We are not living a crisis but a digital transformation full of opportunities

Author: Luc Malcorps

Brice le Blévennec, CEO of Emakina says our economy is not in a crisis…
it is in the middle of a digital mutation phase.


What are the challenges of this transition period?
How can this be a source of opportunity for companies and agencies?


Shaking the foundations of our economy

Just as the invention of printing and the advent of television precipitated an evolution of our society and was the source of entire new sectors of economic activity, the digital transformation we are going through is a revolution.

The manifold transmutations from atoms to bits are changing the very foundations of our economy. These products, essentially leisure products, music, movies, games, magazines, comics, are transmitted at the speed of light. They have rendered physical distribution ​​obsolete and destroyed the need for intermediaries.

Virtual goods are infinitely replicable. So much so that the meaning of the word “share” has changed from “split” to “multiply”. In short, we are in the “economy of abundance.”

Relevance is value (not scarcity)

In this new economy leisure products multiply infinitely at a phenomenal rate, while humans still have only around ten hours a day to devote to consumption, the price of these products is fast falling to zero. Of course, humans reproduce, but at a rate significantly lower than the copying of movies via Bittorrent.

It will  no longer be the scarcity of products that determine their value, but their relevance.

So, the secret of a Spotify or Netflix success will not be the size of their catalogue, but the editorial selection, the relevance of their recommendations.

Power to the People

This digitization has also changed profoundly the nature of interactions between individuals and businesses, the power relationship between brands and their customers, and between states and citizens. Individuals have a greater power of influence: they are now connected non-stop and have effective ways to make their voices heard.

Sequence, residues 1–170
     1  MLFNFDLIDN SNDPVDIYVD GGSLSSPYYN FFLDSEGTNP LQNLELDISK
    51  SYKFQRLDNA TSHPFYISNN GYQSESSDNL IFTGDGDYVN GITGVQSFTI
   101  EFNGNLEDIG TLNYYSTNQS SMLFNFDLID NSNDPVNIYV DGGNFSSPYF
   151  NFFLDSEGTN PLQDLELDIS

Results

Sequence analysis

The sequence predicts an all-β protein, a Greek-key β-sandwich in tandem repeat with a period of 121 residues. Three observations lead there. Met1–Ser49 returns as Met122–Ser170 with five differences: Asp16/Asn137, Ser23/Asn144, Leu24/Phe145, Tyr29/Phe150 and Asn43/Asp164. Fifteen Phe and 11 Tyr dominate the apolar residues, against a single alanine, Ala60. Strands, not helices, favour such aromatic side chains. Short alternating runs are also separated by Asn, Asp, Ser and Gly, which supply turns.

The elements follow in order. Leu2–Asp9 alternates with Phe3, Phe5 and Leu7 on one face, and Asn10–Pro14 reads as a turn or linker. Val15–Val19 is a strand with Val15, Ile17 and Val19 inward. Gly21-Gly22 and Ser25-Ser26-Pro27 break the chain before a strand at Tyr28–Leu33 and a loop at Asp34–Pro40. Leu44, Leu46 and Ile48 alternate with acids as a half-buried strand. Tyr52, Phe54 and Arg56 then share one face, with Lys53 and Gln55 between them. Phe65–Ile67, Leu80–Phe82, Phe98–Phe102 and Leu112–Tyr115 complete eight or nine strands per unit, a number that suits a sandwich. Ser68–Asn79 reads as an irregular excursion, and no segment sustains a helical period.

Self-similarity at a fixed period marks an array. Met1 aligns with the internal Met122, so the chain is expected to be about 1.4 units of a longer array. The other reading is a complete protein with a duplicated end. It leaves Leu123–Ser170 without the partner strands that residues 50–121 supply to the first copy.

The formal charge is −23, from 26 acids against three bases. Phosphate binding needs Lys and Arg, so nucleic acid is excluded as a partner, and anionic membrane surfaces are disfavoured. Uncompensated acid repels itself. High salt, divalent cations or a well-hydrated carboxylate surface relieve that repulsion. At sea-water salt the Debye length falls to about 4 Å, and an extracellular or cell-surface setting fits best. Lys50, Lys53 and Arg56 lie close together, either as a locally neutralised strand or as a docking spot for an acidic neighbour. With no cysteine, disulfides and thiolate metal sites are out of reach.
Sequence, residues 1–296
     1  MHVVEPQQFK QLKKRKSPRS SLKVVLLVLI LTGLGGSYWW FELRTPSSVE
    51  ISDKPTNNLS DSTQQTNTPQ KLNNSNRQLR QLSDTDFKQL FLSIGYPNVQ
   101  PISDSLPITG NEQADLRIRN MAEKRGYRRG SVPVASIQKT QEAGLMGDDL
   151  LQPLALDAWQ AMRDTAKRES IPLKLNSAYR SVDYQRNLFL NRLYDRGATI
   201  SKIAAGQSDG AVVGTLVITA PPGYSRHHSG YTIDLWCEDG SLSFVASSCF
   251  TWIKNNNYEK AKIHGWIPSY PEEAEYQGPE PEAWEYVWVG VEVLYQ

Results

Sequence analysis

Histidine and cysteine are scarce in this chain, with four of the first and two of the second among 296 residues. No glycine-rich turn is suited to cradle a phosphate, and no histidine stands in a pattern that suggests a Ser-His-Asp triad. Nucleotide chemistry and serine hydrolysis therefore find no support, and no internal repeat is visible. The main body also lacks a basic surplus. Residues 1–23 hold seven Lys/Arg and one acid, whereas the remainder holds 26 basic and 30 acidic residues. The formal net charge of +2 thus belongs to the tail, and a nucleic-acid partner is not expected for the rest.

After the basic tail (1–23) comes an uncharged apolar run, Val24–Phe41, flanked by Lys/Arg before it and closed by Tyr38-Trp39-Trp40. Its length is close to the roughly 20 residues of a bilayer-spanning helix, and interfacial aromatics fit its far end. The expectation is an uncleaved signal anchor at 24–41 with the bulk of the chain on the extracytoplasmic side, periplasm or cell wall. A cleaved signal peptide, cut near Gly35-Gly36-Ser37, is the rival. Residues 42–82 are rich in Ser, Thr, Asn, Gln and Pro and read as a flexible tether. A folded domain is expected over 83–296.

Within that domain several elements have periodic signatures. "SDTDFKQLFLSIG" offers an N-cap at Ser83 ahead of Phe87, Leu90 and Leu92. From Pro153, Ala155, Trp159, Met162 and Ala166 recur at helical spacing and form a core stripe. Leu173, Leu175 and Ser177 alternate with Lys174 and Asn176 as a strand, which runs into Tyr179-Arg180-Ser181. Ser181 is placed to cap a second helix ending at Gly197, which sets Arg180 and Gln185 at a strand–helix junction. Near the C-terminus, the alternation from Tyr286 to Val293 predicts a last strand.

The once powerful brand communication is now drowning in an ocean of opportunities for media consumption, beyond the reach of advertising messages.

For organisations, its no longer about imposing products and services on the market, but about focus on what the market wants, to develop relevant branded content, which is truly meaningful or useful to consumers. Organisation must find a way to get into the consumers’ world.

Adapt to new rules

Mobile, social media, the internet of things… they create countless opportunities to produce or improve products, services, tools, solutions, etc.

To survive organizations must adapt to the new rules,  question everything,  provide coherent, integrated and qualitative user experiences, including on digital platforms. And above all they need to innovate.

Organisations who manage a successful digital transformation, improve three aspects of their bottom-line: they get better “engagement” from their clients (increasing existing income), they improve their productivity (reduce costs) and generate new sources of income.

New times require a new agency culture

To achieve this, businesses can rely on a new type of agency, which help their customers become more efficient by proposing new tools, designing integrated marketing strategies, which can be media neutral but use the most relevant channels, and follow consumers throughout their life cycle. But more importantly, they are agencies who dare to leave the traditional communications comfort zone and venture into the treacherous terrain of innovation!

Whether pushing the limits of the user experience, or assist companies in creating new business models, it now requires agencies of the “pure player” breed, to bring these recommendations to the bricks and mortars businesses.

These agencies themselves must develop a new culture. They must combine technical skills to offer their customers the state-of-the-art implementation (e-commerce, CMS, Applications, Analytics , … ).

They also need the essential creative skills (strategy, conceptual, design, …) and the ability to understand the business of their clients, just as of their own managers. They have to understand the issues of their industry, just as a consultant from one of the ‘big 4’, to demonstrate economic intelligence and the inventiveness of the creator of a startup … well, just like Emakina .


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